It just simply means that the treats are being used incorrectly. A good trainer will make sure to fade those food lures quickly so that the dog doesn’t rely on them and think that they’re part of the cue.
On top of that, the trainer will also move from a continuous schedule to a variable schedule. This means that while it’s fine in the initial stages of training to reward the dog for every single correct response (continuous schedule), once the dog’s behavior becomes reliable, treats can be given in an unpredictable, random manner (variable schedule, also known as intermittent schedule).
Since the dog won’t know when the next treat will be coming, he’s kept on his toes just like people who don’t know when they’re going to hit the jackpot next when playing the slots at Vegas. From a performance standpoint, it means that the dog can compete in an event without the trainer having to dole out treats too often, while feedback can still be given though under the form of praise which can be rewarding on its own if it’s been astutely paired with treats in the past!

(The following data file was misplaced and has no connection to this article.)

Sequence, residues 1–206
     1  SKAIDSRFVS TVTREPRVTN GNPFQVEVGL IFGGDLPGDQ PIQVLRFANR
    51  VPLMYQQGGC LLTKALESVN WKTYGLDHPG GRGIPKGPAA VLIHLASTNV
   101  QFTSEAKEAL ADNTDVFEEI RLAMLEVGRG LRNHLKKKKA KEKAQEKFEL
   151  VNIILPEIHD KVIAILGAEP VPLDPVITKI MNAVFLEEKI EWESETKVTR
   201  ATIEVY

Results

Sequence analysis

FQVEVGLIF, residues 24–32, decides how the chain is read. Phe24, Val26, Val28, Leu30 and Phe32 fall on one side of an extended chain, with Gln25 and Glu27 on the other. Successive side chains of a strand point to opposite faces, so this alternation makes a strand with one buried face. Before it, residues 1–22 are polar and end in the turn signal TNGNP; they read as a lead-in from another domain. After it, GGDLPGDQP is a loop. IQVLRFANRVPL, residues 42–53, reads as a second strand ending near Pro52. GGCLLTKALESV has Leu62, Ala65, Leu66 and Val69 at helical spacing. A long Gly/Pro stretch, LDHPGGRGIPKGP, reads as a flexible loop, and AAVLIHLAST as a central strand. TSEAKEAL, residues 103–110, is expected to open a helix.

“When your pet is learning a new behavior, reward him every time he does the behavior. Once your pet has reliably learned the behavior, you want to switch to intermittent reinforcement, in which you continue with praise, but gradually reduce the number of times he receives a treat for doing the desired behavior.” ~The Humane Society of the United States
Training a dog to perform a trick requires lots of practice so to attain a high level of fluency and a high response rate. To help dogs generalize the trick, the trainer makes sure to train in different contexts in gradually more and more distracting environments. The trainer may first train the trick in the home, then may practice in the yard, then on walks and then in front of a crowd.